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VENUS130110B.jpg
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Credit: NASA/Johns Hopkins University Applied Physics Laboratory/Carnegie Institution of Washington


This image of Venus was captured on the 16th January, 2010, by the Wide Angle Camera (WAC) aboard the Messenger spaceprobe, when it was preforming a vulcanoid search.
Vulcanoids are small rocky bodies that have been postulated to exist in orbits between Mercury and the Sun, though no such object has yet been detected.  The best opportunities for the MESSENGER spaceprobe to search for vulcanoids are during perihelion passages, when the spacecraft's orbit brings it closest to the Sun. MESSENGER has searched for vulcanoids during three perihelion passages to date, in June 2008, in February 2009.
The Wide Angle Camera image has a 10.5° field of view.

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The International Astronomical Union (IAU)  has changed the name Metis Regio to Metis Mons for a 920-km wide Venusian feature located at 71.0N, 253.0E.
The feature is named after a Greek Titaness.

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The International Astronomical Union (IAU)  has removed the name Mnemosyne Regio for a Venusian feature that was located at 65.8N, 277.9E.
Newer mapping data showed that the term 'regio' is not appropriate for this region. The feature had been named after a Greek Titaness.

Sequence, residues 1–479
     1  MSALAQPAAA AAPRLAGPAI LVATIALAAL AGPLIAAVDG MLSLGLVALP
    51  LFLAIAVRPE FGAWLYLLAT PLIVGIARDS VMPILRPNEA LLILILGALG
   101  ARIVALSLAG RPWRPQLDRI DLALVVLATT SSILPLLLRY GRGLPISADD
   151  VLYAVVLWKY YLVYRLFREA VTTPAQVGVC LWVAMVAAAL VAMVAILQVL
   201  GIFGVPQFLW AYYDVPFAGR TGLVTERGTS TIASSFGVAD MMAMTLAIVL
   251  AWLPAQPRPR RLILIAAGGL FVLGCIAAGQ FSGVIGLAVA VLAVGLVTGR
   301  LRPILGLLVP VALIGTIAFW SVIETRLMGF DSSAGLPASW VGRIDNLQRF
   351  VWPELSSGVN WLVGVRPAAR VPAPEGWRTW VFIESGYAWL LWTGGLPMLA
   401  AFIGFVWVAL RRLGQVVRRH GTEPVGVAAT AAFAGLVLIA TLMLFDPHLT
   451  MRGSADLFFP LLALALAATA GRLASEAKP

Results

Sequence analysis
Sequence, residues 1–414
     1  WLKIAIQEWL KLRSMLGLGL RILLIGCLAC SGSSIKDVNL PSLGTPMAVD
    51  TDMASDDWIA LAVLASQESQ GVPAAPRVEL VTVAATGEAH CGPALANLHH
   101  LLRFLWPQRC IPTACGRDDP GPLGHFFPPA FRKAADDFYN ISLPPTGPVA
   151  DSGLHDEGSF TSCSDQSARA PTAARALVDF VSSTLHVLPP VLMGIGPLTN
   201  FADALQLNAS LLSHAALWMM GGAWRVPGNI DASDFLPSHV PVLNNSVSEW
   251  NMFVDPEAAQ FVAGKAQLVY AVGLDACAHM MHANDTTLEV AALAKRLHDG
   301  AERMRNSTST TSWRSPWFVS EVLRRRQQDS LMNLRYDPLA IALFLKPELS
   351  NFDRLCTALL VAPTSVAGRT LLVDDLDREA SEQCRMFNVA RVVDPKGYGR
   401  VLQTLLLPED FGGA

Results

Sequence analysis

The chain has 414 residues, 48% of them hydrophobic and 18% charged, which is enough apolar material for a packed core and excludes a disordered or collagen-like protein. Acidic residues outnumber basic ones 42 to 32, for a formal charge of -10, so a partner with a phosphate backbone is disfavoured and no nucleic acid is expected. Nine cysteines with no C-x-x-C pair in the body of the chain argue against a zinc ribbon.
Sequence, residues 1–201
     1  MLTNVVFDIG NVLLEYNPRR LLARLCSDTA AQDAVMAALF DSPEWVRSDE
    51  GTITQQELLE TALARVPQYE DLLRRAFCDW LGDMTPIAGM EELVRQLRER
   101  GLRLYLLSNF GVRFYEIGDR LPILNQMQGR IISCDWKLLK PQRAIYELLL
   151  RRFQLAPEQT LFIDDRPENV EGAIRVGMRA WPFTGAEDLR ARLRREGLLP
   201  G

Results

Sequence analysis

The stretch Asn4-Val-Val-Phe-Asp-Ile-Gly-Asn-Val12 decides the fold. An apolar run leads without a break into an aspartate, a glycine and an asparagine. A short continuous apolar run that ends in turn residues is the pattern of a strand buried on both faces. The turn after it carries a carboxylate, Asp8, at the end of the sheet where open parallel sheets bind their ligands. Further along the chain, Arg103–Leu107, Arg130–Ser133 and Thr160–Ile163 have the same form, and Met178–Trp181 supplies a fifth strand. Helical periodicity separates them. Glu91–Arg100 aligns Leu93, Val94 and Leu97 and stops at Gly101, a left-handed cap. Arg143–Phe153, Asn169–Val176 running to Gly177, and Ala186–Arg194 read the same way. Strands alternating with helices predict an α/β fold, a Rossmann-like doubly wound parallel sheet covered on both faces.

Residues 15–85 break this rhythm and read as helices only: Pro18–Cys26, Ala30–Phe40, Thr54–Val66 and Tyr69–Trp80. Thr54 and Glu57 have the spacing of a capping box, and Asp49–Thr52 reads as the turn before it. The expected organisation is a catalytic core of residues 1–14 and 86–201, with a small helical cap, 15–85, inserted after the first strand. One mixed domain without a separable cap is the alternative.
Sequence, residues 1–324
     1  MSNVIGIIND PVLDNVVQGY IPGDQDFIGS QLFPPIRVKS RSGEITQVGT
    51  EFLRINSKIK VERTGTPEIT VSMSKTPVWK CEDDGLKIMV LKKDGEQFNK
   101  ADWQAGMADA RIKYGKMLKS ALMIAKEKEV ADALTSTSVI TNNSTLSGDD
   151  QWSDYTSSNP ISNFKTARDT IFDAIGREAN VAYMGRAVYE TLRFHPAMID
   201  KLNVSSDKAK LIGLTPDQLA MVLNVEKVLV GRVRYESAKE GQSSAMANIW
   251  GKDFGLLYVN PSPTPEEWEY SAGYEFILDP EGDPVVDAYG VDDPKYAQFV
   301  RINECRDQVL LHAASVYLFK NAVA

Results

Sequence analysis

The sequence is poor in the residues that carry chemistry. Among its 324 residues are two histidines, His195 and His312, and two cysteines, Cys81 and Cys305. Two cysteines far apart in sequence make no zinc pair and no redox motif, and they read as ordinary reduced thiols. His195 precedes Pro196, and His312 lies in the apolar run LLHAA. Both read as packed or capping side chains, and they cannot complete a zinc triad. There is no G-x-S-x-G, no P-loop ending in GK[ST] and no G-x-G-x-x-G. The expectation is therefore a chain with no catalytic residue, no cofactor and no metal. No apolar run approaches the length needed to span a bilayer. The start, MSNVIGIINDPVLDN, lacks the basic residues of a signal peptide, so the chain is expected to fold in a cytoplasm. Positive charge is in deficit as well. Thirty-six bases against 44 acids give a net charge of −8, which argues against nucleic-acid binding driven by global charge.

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The International Astronomical Union (IAU) has approved the name Azham Corona for the 380-km wide Venusian feature located at 66.4N, 252.7E.
The feature is named after a Northern Caucasus nature goddess.

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The International Astronomical Union (IAU) has approved new names for two small craters on Venus.
The 3.7 km wide crater Alina is located at Latitude 8.3, Longitude 267.78; and named after the shortened name Adeline (or Adelaide).
The 3.3 km wide crater Amelia is located at Latitude 8.57, Longitude 280.45; and named after the name Amelia.

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The International Astronomical Union (IAU) has approved  new names for Six Venus surface features:

Fulgora Dorsa, named after the Roman goddess of lightning, for a 463 km wide feature at Latitude: 78.5, Longitude: 342.0.
Heloha Fluctus, named after a Choktaw female thunderbird, for a 375 km wide feature at Latitude: 77.0, Longitude: 344.0.
Sarasvati Mons, named after a Hindu river goddess, for a 200 km wide feature at Latitude: 75.7, Longitude: 354.5.
Akka Tholus, named after a Finnish mother goddess, for a 19.4 km wide feature at Latitude: 75.1, Longitude: 233.0.
Eirene Tholus, named after a Greek goddess of peace, for a 58.0 km wide feature at Latitude: 75.5, Longitude: 230.0.
Yansa Tholus, named after a Brazilian goddess of wind and fire, for a 20.0 km wide feature at Latitude: 76.1, Longitude: 232.2.